Tell you what, Terry. Since I live in Middlesex Country, NJ, I’m within a reasonable drive of most of the gatherings and events your colleagues host in the state. I’d be glad to arrange to meet in person at any one of these, and even engage in a cordial debate on a relevant topic to discuss it from a different perspective. It’d probably be a disappointment for you to find that I don’t “live down” to your preconceived stereotype, but the offer stands regardless. You have my email address, and can reach out to me anytime.
I infer. You imply. And you ought to be more careful what you say, and how you say it.
I weigh my words with the same exquisite care with which a nuclear weaponist weighs weapons-grade plutonium. You might try the same thing. You’re better at it than most people who joust with me in this comment space. That might be one reason why I hold you to a higher standard.
You correctly observed that Maricopa County lies on the US-Mexican border. You then allowed that the “impact” of illegal migration on Maricopa County might be disparate. Now any objective observer might say,
I’ll give you another item, besides raw demographics, that might figure into the MCSO’s tactical decision-making. The immigration movement does not limit itself to organizations that want only “to get better lives” for people trying to escape Mexico’s less-than-stellar economy. (Some have called Mexico a “failed state”. I think they exaggerate, but we both know that Mexican aliens commonly “remit” funds across the border. We also know that the Mexican government relies heavily on such “remittances.” Which is a crying shame for a country with its valuable natural resources, i.e., oil.)
Anyway: I give you the National Council of the Race (La Raza). Their motto translates thus:
Then there is the Movimiento Estudiantil Chicano de Aztlan (MEChA). And what do they want? To re-establish Montezuma’s empire to its original territorial extent. That means retro-ceding the American Southwest to Mexico.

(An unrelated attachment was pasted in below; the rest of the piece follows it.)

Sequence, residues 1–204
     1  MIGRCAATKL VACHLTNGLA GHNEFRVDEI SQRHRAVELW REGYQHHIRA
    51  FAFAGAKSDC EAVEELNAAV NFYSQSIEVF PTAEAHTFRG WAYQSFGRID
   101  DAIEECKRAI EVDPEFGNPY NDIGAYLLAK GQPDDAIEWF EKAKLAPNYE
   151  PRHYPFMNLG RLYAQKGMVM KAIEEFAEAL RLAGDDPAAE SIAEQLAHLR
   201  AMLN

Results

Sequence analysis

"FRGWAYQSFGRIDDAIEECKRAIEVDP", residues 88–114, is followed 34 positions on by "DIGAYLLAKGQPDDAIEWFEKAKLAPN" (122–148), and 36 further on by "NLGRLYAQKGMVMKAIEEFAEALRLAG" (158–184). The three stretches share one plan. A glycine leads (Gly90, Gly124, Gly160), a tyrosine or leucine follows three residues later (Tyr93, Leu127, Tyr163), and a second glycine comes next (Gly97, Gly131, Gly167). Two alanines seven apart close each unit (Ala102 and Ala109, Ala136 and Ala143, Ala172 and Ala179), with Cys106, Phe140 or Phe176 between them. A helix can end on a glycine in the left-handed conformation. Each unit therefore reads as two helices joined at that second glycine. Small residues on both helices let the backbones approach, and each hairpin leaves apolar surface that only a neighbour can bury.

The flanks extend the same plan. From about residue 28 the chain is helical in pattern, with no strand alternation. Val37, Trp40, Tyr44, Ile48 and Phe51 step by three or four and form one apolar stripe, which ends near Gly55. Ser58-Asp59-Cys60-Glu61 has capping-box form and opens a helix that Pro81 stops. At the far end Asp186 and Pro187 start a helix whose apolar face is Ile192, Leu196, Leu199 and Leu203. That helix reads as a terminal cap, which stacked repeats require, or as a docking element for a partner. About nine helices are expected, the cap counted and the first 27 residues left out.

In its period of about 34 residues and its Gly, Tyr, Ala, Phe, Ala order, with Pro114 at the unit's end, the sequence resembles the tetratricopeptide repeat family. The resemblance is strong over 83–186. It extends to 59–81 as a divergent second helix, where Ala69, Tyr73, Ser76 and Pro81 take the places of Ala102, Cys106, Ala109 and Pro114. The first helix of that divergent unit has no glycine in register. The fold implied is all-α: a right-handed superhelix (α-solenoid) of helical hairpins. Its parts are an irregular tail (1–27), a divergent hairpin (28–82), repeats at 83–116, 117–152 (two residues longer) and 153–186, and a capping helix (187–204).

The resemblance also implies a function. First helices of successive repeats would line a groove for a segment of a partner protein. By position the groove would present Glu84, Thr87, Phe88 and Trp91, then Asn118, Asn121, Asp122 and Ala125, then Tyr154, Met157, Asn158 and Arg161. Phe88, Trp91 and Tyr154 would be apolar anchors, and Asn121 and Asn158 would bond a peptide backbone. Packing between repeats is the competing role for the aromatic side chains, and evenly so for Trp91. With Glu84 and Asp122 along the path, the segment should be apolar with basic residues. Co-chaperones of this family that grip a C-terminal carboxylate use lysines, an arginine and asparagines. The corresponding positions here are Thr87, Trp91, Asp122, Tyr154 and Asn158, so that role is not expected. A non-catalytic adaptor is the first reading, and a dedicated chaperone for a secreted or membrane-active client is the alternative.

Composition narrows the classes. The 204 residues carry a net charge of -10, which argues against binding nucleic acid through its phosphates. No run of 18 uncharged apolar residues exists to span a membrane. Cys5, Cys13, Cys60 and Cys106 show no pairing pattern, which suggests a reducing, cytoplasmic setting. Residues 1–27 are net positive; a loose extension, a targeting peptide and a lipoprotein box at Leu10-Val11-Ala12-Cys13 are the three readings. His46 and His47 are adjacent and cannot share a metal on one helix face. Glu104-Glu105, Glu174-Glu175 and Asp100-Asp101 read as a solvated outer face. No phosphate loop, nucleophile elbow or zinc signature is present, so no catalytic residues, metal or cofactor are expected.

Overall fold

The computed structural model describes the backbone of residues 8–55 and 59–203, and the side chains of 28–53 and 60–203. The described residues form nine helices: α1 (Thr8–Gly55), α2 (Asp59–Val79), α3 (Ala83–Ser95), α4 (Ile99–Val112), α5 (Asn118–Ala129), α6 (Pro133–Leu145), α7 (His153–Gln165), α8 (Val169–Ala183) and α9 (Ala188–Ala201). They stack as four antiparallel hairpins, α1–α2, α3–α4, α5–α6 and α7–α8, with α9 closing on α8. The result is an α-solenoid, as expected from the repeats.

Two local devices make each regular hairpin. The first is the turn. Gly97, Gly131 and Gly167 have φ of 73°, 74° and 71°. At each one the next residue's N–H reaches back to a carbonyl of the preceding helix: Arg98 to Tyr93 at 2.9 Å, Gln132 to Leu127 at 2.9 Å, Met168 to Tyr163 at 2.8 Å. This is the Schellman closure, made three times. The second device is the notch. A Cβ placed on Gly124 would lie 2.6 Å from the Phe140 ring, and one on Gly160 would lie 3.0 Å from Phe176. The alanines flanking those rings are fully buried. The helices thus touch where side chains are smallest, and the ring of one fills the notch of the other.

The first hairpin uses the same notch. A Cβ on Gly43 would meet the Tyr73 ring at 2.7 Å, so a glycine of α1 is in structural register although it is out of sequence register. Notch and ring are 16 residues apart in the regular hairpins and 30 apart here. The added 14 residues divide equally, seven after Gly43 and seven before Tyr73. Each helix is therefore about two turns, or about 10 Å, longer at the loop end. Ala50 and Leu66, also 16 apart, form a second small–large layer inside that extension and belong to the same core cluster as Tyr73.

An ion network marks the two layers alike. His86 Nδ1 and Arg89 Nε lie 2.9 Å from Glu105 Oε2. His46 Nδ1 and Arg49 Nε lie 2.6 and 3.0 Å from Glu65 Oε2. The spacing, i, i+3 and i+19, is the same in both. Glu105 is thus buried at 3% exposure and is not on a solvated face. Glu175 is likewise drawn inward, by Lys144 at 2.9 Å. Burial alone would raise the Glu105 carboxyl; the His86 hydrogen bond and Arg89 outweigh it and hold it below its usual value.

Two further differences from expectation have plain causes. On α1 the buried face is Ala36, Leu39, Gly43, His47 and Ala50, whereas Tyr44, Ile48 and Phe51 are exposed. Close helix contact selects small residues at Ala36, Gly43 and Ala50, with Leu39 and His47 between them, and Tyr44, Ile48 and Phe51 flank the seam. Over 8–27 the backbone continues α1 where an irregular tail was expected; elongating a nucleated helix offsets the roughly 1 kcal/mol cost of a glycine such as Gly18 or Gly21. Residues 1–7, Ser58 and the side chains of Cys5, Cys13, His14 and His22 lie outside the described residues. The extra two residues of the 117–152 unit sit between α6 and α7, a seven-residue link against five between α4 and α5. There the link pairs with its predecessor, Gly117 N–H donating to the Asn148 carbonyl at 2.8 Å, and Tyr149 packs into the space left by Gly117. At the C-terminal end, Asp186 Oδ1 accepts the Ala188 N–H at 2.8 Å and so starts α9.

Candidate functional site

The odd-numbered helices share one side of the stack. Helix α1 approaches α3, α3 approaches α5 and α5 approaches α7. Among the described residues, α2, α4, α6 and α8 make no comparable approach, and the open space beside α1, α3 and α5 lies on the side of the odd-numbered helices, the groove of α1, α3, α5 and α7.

So much for ideology. Now consider that several parts of southern Arizona are now no-go zones for “gringoes.” And what is a “gringo”? I am. I don’t know enough about you to know whether you are or not.
Now if you’re going to discourse about illegal entry into Arizona, you should know these things. I’m going to assume that you do. Anyone who pays as much attention to politics as we both do, should know these things. It’s our job to know, for different reasons: you, to prosecute Sheriff Joe Arpaio in this space; I, to defend him in this space and in my article space.
Now: you say that los gringos don’t know what it’s like to be a Hispanic. Well, I can guess. If you’re a member of La Raza or MEChA, you consider that you live in occupied and unredeemed territory. Naturally, you’re at war with los gringos, just as surely as the “Palestinians” in the West Bank are at war with the Yehudat. And in fact, the house organ of La Raza, titled La Voz de Aztlan (“The Aztec Voice”), devotes half its space to defense of the “Palestinian cause,” and uses some of the most virulently anti-Semitic (specifically, anti-Jewish) language that one is likely ever to find in a non-Middle-Eastern newspaper.
Well, then! Mightn’t a reasonable observer infer from that state of affairs that the Maricopa County Sheriff’s Office has a job that is a sight more dangerous than certain Washington, DC apologists for unlawful entrants might care to admit?
And—oh, yeahhh!—Maricopa County has its seat in the very city from which Operation Fast and Furious ran!
Do you think that maybe Eric Holder wants Joe Arpaio out of the way because the sheriff might know a teensy-weensy little bit too much for Holder’s comfort?
You’re quite correct about the “infer” versus “imply” distinction. Thanks for enlightening me on that.
Now, I’m also what you’re referring to as a gringo, in that I’m Caucasian. (Specifically, my ethnic heritage is a blend of European immigrants and a sliver of Native American tossed in for good measure).
My point about this above has been consistent – a non-Hispanic is not going to fully understand the experience of living under policies that racially profile Hispanics, just as the most empathetic white person would never fully understand what it was like to be a black person in the segregated Deep South prior to the 1960’s.
So you look to build a case that whites have good reason to fear illegal Hispanic immigrants in areas like Maricopa County, and use NCLR (La Raza) and MEChA to make your case.
Let’s start with NCLR. In this case, you might as well be telling white U.S. citizens to fear all Hispanics in this country, not just the illegal immigrants, since this is a U.S.-based group started by Hispanic citizens in Arizona in the 1960’s.